Ingram, Jonas Howard, ADM

Deceased
 
 Service Photo   Service Details
286 kb
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Last Rank
Admiral
Last Primary NEC
111X-Unrestricted Line Officer - Surface Warfare
Last Rating/NEC Group
Line Officer
Primary Unit
1944-1946, Commander, US Fleet Forces Command (COMUSFLTFORCOM)
Service Years
1907 - 1947
Admiral
Admiral

 Last Photo   Personal Details 

63 kb

Home State
Indiana
Indiana
Year of Birth
1887
 
This Military Service Page was created/owned by Bersley H. Thomas, Jr. (Tom), SMCS to remember Ingram, Jonas Howard (MOH), ADM USN(Ret).

If you knew or served with this Sailor and have additional information or photos to support this Page, please leave a message for the Page Administrator(s) HERE.
 
Contact Info
Home Town
Jeffersonville
Last Address
San Diego, California

Date of Passing
Sep 09, 1952
 
Location of Interment
Arlington National Cemetery - Arlington, Virginia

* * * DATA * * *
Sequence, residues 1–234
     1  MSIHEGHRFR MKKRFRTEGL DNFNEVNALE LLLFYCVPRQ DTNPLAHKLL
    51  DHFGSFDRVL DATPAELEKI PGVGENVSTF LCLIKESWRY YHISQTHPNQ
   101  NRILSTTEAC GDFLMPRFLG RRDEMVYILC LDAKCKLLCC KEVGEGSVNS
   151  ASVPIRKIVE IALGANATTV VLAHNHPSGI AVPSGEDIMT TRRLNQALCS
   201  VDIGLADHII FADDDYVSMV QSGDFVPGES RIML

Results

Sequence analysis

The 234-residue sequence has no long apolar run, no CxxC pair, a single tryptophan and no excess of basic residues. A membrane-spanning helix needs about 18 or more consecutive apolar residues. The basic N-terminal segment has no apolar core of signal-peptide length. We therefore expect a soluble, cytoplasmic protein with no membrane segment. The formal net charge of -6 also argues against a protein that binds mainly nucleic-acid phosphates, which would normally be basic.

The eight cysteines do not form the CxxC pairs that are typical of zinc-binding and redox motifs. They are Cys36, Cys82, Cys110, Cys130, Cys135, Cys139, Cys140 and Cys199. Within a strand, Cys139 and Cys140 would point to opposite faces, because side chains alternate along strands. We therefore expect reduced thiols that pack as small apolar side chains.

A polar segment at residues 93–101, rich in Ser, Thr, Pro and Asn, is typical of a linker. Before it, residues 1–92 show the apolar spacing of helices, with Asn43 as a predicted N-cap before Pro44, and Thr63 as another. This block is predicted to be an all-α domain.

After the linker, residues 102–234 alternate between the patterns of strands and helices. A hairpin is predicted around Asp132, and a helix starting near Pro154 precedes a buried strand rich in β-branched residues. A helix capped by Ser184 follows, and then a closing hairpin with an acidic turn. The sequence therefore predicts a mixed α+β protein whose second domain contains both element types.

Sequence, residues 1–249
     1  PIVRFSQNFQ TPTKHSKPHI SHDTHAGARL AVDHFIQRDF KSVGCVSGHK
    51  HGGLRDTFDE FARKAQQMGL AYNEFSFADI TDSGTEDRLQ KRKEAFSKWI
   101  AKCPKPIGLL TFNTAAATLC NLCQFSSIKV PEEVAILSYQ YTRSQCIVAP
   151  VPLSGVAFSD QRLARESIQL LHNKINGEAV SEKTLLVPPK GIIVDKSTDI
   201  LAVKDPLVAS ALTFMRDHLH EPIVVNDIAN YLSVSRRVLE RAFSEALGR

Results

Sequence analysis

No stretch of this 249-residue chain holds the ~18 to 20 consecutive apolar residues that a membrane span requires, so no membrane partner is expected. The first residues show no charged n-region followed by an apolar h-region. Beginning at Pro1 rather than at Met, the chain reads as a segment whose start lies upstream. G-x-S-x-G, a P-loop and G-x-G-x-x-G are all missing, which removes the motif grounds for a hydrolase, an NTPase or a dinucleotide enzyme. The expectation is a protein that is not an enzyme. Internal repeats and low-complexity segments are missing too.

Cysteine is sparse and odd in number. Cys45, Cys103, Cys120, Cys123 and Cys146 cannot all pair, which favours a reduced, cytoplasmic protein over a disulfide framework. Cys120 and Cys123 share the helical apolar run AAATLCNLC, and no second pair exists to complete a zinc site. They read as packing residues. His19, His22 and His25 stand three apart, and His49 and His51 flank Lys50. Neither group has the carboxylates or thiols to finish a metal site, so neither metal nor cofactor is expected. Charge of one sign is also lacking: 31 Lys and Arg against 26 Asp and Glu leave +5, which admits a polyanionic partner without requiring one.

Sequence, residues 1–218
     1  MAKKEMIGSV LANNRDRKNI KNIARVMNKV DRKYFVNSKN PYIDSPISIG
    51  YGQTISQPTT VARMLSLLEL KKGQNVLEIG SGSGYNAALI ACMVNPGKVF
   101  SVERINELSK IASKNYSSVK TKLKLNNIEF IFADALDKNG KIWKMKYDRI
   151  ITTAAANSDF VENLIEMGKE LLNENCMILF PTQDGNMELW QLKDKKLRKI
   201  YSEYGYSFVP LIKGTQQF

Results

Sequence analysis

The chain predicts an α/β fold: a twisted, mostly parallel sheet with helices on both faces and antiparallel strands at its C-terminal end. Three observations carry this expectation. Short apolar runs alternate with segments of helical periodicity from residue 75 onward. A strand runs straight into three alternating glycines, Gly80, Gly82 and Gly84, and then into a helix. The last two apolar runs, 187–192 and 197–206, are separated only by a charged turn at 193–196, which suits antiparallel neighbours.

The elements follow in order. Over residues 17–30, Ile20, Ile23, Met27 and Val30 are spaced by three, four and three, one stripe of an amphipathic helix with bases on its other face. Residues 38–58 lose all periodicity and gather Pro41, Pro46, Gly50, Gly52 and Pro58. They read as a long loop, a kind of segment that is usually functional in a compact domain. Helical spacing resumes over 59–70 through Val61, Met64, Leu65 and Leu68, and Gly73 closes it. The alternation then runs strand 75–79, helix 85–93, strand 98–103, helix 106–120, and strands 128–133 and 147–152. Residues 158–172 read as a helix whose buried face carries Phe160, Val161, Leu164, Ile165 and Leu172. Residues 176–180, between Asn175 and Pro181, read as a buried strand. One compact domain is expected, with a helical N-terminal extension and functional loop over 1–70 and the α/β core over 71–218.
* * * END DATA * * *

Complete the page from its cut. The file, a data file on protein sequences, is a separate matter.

Wall/Plot Coordinates
Section 30, Grave 643-RH

 Official Badges 




 Unofficial Badges 






 Additional Information
Last Known Activity

Ingram was named commissioner of the All-America Football Conference. Serving until resigning in 1949, Ingram went on to serve as a vice president for the Reynolds Metal Company.

In August 1952, he suffered a heart attack while serving as the superintendent of summer schools at Culver Academies, then was stricken again with another attack on September 9th, while at the U.S. Naval Hospital in San Diego, California. He died the following evening.

                                         NAME SAKE

                            U.S.S. Jonas Ingram (DD-938)